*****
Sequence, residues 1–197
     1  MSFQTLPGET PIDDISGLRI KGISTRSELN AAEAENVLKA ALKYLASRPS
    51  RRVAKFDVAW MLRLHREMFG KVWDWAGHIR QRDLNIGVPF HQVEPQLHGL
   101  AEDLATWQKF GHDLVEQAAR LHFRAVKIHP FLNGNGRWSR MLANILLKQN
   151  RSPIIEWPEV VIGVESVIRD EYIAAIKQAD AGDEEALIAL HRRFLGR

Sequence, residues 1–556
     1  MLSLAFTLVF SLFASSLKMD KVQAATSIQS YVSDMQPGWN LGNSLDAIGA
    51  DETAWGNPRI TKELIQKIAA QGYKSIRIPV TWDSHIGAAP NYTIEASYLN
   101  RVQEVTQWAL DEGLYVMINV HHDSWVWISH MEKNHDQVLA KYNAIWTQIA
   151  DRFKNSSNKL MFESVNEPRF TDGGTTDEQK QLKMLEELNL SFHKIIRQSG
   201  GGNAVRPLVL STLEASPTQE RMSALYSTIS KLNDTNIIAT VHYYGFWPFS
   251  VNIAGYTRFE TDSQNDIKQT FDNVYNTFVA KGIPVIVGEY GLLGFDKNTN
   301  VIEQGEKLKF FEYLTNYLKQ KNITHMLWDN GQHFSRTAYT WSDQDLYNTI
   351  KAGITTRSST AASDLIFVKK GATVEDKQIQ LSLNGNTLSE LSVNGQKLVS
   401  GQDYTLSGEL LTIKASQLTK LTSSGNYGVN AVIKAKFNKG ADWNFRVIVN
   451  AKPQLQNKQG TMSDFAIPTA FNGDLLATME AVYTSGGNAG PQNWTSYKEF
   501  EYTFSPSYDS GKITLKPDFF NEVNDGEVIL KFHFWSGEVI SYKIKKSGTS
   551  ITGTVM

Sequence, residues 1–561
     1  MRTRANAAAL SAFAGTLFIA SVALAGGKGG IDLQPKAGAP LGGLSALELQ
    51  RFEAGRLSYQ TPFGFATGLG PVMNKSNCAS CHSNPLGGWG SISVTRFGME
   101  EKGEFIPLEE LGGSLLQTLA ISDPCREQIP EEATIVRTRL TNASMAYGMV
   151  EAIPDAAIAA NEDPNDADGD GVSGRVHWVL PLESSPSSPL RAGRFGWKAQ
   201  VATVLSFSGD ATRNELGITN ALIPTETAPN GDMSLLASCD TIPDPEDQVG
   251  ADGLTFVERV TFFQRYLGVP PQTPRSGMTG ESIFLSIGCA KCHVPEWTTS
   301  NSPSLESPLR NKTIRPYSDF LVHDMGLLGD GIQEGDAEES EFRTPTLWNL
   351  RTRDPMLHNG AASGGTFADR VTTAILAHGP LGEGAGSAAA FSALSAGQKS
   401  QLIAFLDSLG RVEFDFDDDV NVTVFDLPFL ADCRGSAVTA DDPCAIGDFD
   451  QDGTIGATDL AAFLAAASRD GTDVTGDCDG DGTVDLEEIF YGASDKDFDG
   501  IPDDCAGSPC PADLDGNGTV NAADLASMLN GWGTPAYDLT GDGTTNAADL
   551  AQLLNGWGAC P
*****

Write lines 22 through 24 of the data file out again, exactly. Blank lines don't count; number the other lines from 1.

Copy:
   101  EKGEFIPLEE LGGSLLQTLA ISDPCREQIP EEATIVRTRL TNASMAYGMV
   151  EAIPDAAIAA NEDPNDADGD GVSGRVHWVL PLESSPSSPL RAGRFGWKAQ
   201  VATVLSFSGD ATRNELGITN ALIPTETAPN GDMSLLASCD TIPDPEDQVG